An extraordinary phtographic exhibition about the first steps of photography in Japan between 1860 and 1910 is running until April 1st in Venice. More than 150 original albumen prints are on view, showcasing a peculiar period of Japanese history.
Are you in love with the grace and sobriety of Japanese culture? Check out the photography exhibition “Japanese Photography (1860-1910) The Masterpieces” hosted by the Istituto Veneto di Scienze, Lettere e Arti in Venice, from December 17th to April 1st .
More than 150 original albumen prints are exposed, showing us a fascinating and peculiar period of Japanese history.
During the 300 years of sakoku (鎖国 closed country), any contact out of the country had been strictly limited and regulated, and now the Land of the Rising Sun is finally opening up to the world.
At the same time photography was introduced in Japan, the country was experiencing change in its political, social and economic aspects, bringing Japanese society out of feudalism and into modernity and industrialization.
European artists like Pierre Rossier, von Stillfried, Felice Beato and Guglielmo Farsari, and the first Japanese photographers, Shimooka Renjo, Ueno Hikoma, Uchida Kuichi, Yokoyama Matsusaburo, Kusabe Kinbei, witnessed the historical reality that was rapidly disappearing, and rushed to capture the exotic charm of Japanese daily life, and breathtaking nature.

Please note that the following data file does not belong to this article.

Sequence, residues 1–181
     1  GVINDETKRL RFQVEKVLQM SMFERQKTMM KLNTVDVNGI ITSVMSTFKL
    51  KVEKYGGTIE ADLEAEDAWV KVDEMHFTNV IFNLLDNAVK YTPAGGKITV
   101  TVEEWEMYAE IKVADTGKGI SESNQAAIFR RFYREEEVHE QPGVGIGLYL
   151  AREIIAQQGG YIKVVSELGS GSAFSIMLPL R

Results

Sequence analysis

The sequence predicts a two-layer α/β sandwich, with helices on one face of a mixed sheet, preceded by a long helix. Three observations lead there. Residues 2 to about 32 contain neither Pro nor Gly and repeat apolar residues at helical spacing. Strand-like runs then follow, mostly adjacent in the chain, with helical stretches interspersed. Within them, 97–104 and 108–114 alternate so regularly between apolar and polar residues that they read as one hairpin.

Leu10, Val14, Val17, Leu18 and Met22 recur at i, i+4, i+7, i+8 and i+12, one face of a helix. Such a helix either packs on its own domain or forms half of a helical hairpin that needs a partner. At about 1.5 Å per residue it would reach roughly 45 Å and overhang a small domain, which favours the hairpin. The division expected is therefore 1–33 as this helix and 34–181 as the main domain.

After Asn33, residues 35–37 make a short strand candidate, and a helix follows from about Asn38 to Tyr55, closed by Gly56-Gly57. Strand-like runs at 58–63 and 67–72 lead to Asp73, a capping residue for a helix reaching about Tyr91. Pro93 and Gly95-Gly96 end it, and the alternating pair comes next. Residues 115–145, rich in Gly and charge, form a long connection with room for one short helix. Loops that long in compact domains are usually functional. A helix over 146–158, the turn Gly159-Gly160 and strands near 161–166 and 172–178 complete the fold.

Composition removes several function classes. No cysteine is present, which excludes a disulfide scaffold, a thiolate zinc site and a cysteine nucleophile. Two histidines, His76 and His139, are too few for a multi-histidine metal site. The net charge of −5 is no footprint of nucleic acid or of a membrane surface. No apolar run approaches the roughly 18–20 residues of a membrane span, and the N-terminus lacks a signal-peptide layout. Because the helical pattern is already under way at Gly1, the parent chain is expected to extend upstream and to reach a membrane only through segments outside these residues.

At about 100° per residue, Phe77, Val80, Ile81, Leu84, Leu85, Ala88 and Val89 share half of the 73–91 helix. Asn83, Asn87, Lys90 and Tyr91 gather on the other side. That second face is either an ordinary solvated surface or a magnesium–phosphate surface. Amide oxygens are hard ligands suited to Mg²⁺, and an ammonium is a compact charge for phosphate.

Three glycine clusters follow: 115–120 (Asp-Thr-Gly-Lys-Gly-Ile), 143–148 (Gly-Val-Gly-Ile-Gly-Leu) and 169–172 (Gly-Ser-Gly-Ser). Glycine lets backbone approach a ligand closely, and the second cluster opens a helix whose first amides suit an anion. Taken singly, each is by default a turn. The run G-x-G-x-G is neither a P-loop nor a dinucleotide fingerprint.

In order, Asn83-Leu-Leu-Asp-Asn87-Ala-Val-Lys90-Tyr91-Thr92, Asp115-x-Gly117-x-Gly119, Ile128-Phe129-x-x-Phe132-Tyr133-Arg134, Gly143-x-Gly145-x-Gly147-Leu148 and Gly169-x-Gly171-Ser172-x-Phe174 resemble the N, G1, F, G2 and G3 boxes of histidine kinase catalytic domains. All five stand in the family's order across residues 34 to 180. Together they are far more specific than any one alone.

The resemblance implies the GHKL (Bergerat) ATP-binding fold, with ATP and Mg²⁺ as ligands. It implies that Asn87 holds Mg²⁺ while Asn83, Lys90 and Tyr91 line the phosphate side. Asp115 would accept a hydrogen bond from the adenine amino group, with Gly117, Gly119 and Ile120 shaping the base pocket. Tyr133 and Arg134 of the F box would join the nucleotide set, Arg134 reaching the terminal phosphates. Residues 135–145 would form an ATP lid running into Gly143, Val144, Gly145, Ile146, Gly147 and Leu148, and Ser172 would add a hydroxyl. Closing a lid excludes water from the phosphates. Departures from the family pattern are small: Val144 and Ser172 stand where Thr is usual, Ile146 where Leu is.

They used albumen printing, the first commercially exploitable method of producing a photographic print on a paper base from a negative, invented in France in 1848, but with an innovation: the hand coloring. Applying color by hand on a black and white prints was exactly what the masters of ukiyo-e used to do.
Soft pastel colors emphazise the details of the pictures, and the subjects of ukiyo-e tradition remained unaltered, as the bijinga 美人画 (beauties) or meishoe 名所絵 (famous places).
The exhibiton illustrates with the grace and delicacy typical of Japanese art the first contacts between Japan and photography, designed to bind in an inextricable way.